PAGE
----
Informatica PC 9.5.1: Repository Performance Pt.2

Informatica PC 9.5.1: Repository Performance Pt.2

by Wade Lockhart

February 21, 2017

Introduction

In pt.1 of this blog I discussed an example of how to measure low performance using SQL queries both through Informatica and run manually against the repository database. In pt.2 I will be going over a few hints for improving repository performance along with their source.

Disclaimer

You should not try any of these hints without first consulting Informatica Support. You might also wish to take a full repository backup as well as a backup of the server environment before you begin the cleanup.

Running some of these commands against a repository with large amounts of data can cause performance issues as well and, in some cases, may ‘hang’. As a good rule of thumb to avoid this type of issue is to run the commands manually on the command line as opposed to using the Informatica client tools.

Hint 1: Update the Repository Statistics

There is a pmrep command that will help improve the repository performance – UpdateStatistics. To explain how it works, let me just paste a section from an Informatica KB article:

pic 1

Using the pmrep UpdateStatistics command will return “completed successfully” or “failed”. If it fails, then contact Informatica Support and get them to help you out right away.

It is best to run this command in conjunction (and before) you look at the hint 2 command to truncate logs below.

Hint 2: Delete Old Logs

TruncateLogs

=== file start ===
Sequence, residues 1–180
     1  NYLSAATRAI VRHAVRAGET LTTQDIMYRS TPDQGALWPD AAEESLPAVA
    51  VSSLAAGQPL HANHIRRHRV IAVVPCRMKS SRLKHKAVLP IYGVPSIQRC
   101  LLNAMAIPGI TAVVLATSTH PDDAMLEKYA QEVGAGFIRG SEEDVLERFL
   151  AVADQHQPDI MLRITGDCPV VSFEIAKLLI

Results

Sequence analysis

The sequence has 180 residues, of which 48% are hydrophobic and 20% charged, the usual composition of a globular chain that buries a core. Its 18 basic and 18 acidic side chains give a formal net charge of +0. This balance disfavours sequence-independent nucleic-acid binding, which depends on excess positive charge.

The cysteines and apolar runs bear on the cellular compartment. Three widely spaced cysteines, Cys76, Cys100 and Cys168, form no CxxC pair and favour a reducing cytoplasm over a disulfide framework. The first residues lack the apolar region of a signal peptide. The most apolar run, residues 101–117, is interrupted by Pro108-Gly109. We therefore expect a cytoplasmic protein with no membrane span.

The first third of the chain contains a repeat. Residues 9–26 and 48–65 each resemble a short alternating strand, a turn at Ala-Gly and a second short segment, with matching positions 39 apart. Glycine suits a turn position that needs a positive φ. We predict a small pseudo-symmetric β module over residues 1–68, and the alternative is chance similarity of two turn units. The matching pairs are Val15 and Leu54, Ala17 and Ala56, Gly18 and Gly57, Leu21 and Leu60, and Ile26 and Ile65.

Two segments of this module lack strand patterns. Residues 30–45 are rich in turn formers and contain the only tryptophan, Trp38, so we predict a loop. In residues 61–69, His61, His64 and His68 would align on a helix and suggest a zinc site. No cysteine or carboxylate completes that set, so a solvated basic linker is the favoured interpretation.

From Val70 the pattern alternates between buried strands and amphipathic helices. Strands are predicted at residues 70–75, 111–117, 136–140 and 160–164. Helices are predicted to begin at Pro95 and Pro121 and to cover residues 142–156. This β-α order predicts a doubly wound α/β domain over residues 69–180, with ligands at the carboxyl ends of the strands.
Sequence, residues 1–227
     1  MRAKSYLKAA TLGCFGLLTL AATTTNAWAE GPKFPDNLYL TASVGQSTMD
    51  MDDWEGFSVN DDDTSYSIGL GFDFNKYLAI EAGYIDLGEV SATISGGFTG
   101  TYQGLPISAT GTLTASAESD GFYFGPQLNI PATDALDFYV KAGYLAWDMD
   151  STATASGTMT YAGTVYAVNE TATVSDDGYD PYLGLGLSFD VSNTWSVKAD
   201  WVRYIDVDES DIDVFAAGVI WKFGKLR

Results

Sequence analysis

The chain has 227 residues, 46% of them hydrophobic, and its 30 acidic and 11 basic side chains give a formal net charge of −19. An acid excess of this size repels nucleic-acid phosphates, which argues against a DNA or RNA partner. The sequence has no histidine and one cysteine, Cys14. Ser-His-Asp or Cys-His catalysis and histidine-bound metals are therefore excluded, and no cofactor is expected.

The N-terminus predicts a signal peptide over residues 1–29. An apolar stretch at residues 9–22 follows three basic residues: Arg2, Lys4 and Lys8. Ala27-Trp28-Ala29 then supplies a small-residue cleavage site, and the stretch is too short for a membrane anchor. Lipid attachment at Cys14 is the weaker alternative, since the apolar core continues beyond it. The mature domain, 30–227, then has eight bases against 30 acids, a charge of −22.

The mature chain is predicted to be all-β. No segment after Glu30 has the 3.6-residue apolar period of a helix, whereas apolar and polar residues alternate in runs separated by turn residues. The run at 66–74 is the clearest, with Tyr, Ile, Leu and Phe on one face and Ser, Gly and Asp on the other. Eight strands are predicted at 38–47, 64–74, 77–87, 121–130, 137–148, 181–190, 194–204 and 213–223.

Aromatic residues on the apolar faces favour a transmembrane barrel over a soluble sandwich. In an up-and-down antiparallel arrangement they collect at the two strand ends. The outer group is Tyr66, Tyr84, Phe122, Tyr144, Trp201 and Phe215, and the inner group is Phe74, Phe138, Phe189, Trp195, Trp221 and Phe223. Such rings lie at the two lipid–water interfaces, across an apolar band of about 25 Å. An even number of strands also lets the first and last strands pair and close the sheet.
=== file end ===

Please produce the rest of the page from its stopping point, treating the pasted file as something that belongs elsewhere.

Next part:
As workflows and sessions are executed against the repository database, logs about statistics and history will begin to build up. If they are allowed to grow without ever being cleaned up once in a while, then that can lead to poor performance. By using the pmrep truncateLog command (on the command line) this will clear out the historical statistics and keep only the most recent.

Usage for the command is: pmrep truncateLog –f <folder_name> -w <workflow_name>. This will also return “completed successfully” or “failed”. If it fails make sure your arguments are correct, like a valid folder name, and that the workflow exists in that folder.

Database Deletions

There is also a way to delete log records directly against the database. There are 3 tables that store historical log information:

  1. OPB_DTL_SWIDG_LOG
  2. OPB_SWIDGINST_LOG
  3. OPB_SESS_TASK_LOG

If you have direct access to the repository database then you can do something like run:

SELECT count (*) from OPB_SESS_TASK_LOG

This will return the number of records of historical logs. You could then run SQL to selectively delete these records.

Hint 3: Purging Old Object Versions

The repository maintains all of the old versions for every single object. That means, as time goes by and newer versions are added, the really old versions are taking up unwanted space and bloating the repository. One strategy to get rid of older versions of objects is to use the pmrep purgeversion command on the command line.

An example of using this command would be to run it against a specific folder in the repository and delete all versions (of objects) older than the newest one. Like…

Pmrep purgeversion –f <folder_name> -n <number_of_latest_versions_to_keep>

Tip: Cleanup the infa_shared Directories

Managing the storage of the Informatica server can be just as important as the repository. I understand that this blog is about repository performance, but thought it worth mentioning since it can go overlooked.

Each time an Informatica job executes it writes files into the SessLogs, WorkflowLogs, Temp, and Cache directories. Sometimes instead of replacing these files each run, new ones are created which can take up a lot of space and also make the directories harder to access for the OS. This can mean a loss of performance as the OS tries to access the growing volume of files in those directories.

One method to test the OS access to a directory with large amounts of file data is to perform the ls command and see how long it takes to return the information. If it takes any longer than a few seconds and you have yourself a bottleneck.

A good practice is to maintain a schedule to review the contents of these directories and remove old files as required.